Our winemaking

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Our winemaking

To make good wine, it is necessary to harvest grapes during their phenolic maturity.  From the beginning of September, we observe the acidity, the PH. and the sugar content of the grapes. It is the tasting of the berry which is the deciding factor of whether to start picking or not. We survey our parcels each day during the harvest, tasting the grapes of 38 parcels, so as to follow their maturity with precision.

  • A ripe grape skin gives aromas of peppery mint, licorice, honeyed vanilla, aniseed, raspberry and spices…
  • Ripe pips have the taste of nuts and grilled almond…

The Harvest

The harvest is done manually, by 24 people of whom 18 complement our annual team.  Each one is chosen for his/her dynamism, sense of teamwork, capacity to adapt to the rhythm of the maturing grapes, love of picking good fruit while being sensitive to our Bio-Dynamic methods of working.

We fill the vats with the parts of the grape we like to eat, that is to say the pulp, the skin and the pips.  It is for this reason we separate totally the grape from the stems during winemaking.

Since 2002, we have shown that the southern Rhone valley wines can express freshness, elegance, and finesse while remaining rich and structured.


The Fermentation

For the red wines, it occurs in two stages; alcoholic fermentation and malolactic fermentation.

For the white wines, there is just alcoholic fermentation after direct pressing.  That is to say that alcoholic fermentation occurs without the grape skins.


Alcoholic fermentation occurs with only the native yeasts found on the skin of the grapes giving the authentic taste of the land.

The length of alcoholic fermentation depends on what the content each individual vat wants to give us.

We provide the best means for this to happen, by having the right capacity in the number of vats, and being able to bring in the entire 58 hectares without having to de-vat is an important advantage.  In this way, the grapes come into the winery in perfect rhythm with their maturity and the de-vatting is done only when they have given of their best.

De-vatting marks the end of alcoholic fermentation.  It means that we separate the marc from the wine.  It is the end of the contact between liquids and solids.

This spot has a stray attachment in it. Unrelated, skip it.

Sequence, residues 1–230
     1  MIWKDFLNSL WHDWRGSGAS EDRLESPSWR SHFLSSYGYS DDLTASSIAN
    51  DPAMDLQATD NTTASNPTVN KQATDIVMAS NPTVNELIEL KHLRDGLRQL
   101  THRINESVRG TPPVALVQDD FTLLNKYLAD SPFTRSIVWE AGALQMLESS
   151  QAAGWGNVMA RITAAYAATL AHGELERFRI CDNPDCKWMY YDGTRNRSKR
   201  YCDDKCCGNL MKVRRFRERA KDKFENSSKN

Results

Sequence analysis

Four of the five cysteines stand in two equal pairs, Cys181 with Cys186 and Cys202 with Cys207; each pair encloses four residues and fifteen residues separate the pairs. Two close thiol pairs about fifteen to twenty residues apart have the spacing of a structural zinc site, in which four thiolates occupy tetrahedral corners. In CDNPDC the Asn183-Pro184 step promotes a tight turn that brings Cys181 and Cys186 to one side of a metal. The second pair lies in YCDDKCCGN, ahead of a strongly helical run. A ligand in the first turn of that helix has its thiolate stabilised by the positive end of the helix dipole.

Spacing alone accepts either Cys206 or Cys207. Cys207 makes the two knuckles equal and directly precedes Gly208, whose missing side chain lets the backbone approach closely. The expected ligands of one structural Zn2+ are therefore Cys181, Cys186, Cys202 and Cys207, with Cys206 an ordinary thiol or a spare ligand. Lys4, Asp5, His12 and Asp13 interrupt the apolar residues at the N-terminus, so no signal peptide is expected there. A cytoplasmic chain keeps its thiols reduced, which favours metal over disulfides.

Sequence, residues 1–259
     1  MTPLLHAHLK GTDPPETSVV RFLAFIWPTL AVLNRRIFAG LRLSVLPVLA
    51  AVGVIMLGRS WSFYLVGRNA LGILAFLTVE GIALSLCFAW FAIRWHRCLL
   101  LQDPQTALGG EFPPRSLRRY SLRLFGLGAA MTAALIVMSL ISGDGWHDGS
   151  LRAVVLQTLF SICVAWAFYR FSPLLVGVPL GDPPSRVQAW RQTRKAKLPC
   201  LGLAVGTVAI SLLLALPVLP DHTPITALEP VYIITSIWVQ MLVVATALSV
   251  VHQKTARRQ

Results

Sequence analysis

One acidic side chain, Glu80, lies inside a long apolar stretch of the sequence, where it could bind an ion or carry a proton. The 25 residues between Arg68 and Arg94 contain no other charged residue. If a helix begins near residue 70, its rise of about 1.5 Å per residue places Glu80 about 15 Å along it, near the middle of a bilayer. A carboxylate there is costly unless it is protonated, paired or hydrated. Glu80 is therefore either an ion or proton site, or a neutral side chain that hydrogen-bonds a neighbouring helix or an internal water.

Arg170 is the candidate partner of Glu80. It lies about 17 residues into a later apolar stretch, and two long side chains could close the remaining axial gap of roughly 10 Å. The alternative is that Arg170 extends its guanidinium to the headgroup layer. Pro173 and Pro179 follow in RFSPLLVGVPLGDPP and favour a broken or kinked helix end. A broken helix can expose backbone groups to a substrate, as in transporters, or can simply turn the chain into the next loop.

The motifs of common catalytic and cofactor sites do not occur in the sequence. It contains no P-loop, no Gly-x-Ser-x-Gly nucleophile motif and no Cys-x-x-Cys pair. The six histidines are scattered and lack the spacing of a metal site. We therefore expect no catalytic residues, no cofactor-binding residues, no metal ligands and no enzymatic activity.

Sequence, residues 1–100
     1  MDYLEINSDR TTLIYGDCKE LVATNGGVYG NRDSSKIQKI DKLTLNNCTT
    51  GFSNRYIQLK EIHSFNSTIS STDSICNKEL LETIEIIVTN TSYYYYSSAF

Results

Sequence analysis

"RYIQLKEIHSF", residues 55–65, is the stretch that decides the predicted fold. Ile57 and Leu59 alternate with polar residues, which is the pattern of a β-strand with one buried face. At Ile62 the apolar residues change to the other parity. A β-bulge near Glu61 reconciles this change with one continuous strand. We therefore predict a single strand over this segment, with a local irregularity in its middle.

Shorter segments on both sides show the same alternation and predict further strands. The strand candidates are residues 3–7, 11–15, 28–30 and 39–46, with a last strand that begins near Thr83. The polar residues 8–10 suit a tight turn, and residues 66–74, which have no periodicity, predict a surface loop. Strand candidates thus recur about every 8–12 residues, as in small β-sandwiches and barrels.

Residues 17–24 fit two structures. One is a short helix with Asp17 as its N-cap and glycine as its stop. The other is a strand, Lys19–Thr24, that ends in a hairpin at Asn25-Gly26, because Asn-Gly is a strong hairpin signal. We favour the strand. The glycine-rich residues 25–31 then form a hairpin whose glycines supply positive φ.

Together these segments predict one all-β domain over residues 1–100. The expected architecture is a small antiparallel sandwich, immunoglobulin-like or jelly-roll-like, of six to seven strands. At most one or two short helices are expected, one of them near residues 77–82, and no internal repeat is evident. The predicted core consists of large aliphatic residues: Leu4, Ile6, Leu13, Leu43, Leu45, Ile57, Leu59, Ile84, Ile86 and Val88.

When do we decide to de-vat?  The theory is that when sugars are transformed into alcohol, we have wine.  However, it is our opinion that at this stage of the process, the balance between tannins and alcohol is not at its best; the wine is more alcoholic than tannic.  Given that we deliberately discontinued the use of barrels since 2002, it is the infusion between the marc and the wine which gives our wines the balance we seek in our wines.  We call this ‘the birth of wine’ and you are invited to come to experience this with us.

Then comes the malolactic fermentation.  It also starts naturally with the natural native malolactic bacteria in the raisin skins.  We never know in advance when this will start;  generally it starts in the weeks just after the alcoholic fermentation but sometimes only in the spring.


The maturing in the vats

As with the winemaking, the maturing is done in cement vats for each blend.

Depending on the wine and its complexity, it will stay in the vats for two winters.  We obtain good natural stable wine in this way.  During this time, the wine in each vat is tasted every 6 weeks approximately, so as to follow how it evolves and to identify the optimal time to bottle it.




The bottling dates are decided relative to the Maria Thun lunar calendar, and are normally done on a fruit day or a storm day.

We should keep in mind that wine is an extension of fruit (the grape).  It seems therefore important to give once again the pulse of a fruit day in the bottling process.

The wine is prepared to be bottled by bringing the temperature up to 20°C.  It is the ideal temperature at which to bottle wine and also the ideal temperature for the machine and the empty bottles waiting to be filled.  It is a step which may take 5 days or 15 days; we remain patient for the best time to begin.  We validate again the taste of the wine at 20°C.

Eric and Justine do the bottling in the winery which is kept at a constant temperature.  Once the bottles are filled and corked with the natural cork, the bottle stays in a vertical position for 7 minutes before being laid down to continue its maturing.


Maturing in bottles

Our white and red wines are both matured in dark glass bottles for a minimum of 6 months.

Our white wines are bottled in dark glass bottles so as to avoid the taste of light in the wine.



When the time comes to label the bottles and box them for dispatching, each bottle is cleaned with a lint free cloth, on a well-lit table so as to verify the level of wine in each bottle and the quality of corking (to eliminate seeping).